This Week in ODL: Apr 3-7, 2017
Welcome to This Week in ODL, a weekly blog series published by the Office of Digital Learning through which we provide readers with the latest developments in the projects and learning experiences under development at our office. With this post, we highlight this week’s news for your review and feedback. Remember to check back next week for the latest updates on our work!
Digital Language Learning: A Liberal Arts Exploration of New Modes of Teaching and Learning Languages
This week, the Office of Digital Learning in partnership with Middlebury’s Summer Language Schools is thrilled to host a workshop funded by the Alliance to Advance Liberal Arts Colleges (AALAC) on digital language learning. We are looking forward to welcoming approximately 40 participants from Middlebury and AALAC partner institutions, all of whom will gather on campus to discuss digital language learning in liberal arts contexts.
Participants will join us on Friday morning to kickoff the workshop with a plenary panel discussion which will situate digital language learning in the larger context of liberal arts institutions. On the heels of the opening discussion, breakout sessions will occur through which participants will dive deeply into questions around the implications and possibilities of teaching and learning languages in digital contexts.
A highlight of the workshop will be the “Technology Test Kitchen” through which guests will be invited to experience hands-on explorations of digital tools to use in language teaching. The Test Kitchen will give participants the chance to play with digital hardware, programs, and gadgets, and to envision creative ways to organize the use of these tools to shape language learning and teaching.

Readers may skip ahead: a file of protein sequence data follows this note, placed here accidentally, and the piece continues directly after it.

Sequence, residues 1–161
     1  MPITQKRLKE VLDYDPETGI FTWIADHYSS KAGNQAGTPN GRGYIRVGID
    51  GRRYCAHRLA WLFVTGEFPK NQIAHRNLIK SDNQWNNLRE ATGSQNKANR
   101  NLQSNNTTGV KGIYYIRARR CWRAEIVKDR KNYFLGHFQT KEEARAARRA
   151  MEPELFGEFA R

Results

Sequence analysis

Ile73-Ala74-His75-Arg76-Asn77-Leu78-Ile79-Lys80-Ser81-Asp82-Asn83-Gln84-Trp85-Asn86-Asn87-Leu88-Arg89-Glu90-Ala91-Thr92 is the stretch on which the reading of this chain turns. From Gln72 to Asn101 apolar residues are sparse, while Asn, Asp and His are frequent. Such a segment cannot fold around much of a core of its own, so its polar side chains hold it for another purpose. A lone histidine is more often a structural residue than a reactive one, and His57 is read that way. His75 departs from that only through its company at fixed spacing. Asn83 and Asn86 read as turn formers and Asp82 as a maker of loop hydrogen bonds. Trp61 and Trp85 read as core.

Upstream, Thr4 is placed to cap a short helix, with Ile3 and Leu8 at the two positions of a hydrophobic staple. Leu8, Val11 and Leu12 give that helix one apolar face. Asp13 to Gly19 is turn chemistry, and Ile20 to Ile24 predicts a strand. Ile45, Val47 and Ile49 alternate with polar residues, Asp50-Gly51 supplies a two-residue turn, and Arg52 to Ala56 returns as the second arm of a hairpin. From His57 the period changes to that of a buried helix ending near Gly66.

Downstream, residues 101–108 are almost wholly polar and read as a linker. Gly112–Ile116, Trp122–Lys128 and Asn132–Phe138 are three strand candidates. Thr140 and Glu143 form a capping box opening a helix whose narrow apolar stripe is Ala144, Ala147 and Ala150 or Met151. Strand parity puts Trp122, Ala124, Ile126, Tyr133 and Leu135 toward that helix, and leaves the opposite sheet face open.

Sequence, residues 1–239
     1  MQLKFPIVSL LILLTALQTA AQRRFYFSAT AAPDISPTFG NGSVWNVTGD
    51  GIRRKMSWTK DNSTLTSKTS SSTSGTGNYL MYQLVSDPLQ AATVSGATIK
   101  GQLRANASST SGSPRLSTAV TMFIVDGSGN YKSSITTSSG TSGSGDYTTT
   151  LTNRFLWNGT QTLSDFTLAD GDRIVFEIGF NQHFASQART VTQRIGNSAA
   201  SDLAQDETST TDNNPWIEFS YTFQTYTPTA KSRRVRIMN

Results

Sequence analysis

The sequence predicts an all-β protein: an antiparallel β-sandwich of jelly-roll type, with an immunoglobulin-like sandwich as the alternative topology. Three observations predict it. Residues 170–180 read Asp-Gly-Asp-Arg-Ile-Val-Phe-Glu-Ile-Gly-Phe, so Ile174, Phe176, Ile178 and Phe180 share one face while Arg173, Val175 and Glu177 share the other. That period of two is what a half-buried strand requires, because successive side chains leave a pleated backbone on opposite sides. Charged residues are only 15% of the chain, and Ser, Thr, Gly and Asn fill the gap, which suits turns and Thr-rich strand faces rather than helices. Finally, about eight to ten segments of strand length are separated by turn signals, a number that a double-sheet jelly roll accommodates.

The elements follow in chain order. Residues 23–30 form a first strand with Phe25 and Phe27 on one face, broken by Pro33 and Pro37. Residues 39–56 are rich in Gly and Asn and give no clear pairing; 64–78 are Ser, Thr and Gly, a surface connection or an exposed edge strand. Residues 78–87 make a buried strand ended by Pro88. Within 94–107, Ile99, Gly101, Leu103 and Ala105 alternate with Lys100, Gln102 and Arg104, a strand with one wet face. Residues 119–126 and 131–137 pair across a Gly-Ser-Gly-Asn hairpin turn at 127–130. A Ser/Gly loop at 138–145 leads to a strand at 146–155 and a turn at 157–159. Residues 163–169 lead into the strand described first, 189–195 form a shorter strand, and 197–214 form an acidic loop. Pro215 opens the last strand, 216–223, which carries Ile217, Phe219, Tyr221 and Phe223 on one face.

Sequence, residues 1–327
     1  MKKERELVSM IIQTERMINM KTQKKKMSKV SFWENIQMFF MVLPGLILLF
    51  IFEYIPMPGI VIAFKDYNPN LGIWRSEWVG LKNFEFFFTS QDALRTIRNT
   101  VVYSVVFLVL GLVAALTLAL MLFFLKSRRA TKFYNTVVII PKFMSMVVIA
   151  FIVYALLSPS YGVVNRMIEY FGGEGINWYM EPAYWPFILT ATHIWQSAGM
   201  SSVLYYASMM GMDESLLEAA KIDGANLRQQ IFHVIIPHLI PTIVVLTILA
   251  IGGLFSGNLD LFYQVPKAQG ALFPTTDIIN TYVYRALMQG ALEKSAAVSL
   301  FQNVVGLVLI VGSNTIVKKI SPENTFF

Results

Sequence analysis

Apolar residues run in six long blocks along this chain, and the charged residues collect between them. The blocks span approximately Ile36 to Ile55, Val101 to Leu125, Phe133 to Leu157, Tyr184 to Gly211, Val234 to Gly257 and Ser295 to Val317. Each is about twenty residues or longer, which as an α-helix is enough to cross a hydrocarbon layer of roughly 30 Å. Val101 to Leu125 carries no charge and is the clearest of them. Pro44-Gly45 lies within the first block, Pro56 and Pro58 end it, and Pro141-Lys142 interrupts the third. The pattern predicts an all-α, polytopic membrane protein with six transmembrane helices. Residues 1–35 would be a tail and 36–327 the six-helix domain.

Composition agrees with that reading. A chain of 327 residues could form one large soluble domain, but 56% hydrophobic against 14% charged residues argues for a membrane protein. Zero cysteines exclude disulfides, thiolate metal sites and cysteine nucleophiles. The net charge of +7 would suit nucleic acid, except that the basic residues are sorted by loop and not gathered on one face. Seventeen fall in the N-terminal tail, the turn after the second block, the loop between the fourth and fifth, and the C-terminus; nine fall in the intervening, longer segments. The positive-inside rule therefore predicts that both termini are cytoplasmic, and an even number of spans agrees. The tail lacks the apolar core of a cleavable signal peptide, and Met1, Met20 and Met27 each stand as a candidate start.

This Thursday, April 6, at 1:30 PM Eastern, the Office of Digital Learning in collaboration with the Academic Technology Group in Middlebury and the Digital Learning Commons in Monterey is hosting a workshop in the Wilson Media Lab. The workshop will discuss digital annotation, a technology that allows users to annotate documents and web pages from inside a browser window or inside Canvas. Specifically, workshop participants will be looking at digital annotation as an alternative to online discussion forums used in teaching contexts.
The workshop will be lead by Jeremy Dean, the Education Director at Hypothes.is, the company that has built a digital annotation platform on the web. The workshop is open to all students, faculty, and staff, and will utilize Zoom video conferencing to include participants from our Monterey campus.
On Tuesday, April 4, the ODL’s Amy Collier, along with other members of the Middlebury community, will lead a panel discussion entitled “Fake News, Alternative Facts, and the Toxic Web: Strategies for Understanding and Coping with a Changing Media Universe” in the Center for Teaching and Learning located in Davis Library.
In this roundtable discussion, panel members will discuss how to understand and navigate a new reality in which the traditional media has been supplanted by a much more complicated set of media outlets and platforms. Panelists will discuss strategies to keep informed as well media literacies to cultivate in students and teachers.
The Academic Roundtable series is co-sponsored by the Center for Teaching, Learning & Research and the Library.
MiddCast is a website created by the Office of Digital Learning in partnership with Erin Davis of Middlebury College’s Department of Film and Media Culture. The site features a collection of podcasts as dispatches from Middlebury’s campus and community about shaping the future.
MiddCast includes a podcast series entitled It’s Not What You Think, a storytelling series launched in January 2016 as part of a multi-pronged Middlebury College initiative to help foster resilience that includes spaces for reflection, increased access to counseling, workshops, and storytelling. This week, the latest episode of this series will be released, Episode 6: No Superheroes, in which Holly Allen, Assistant Professor of American Studies, and Kyle James Wright, a student from the class of 2019, discuss disability at Middlebury.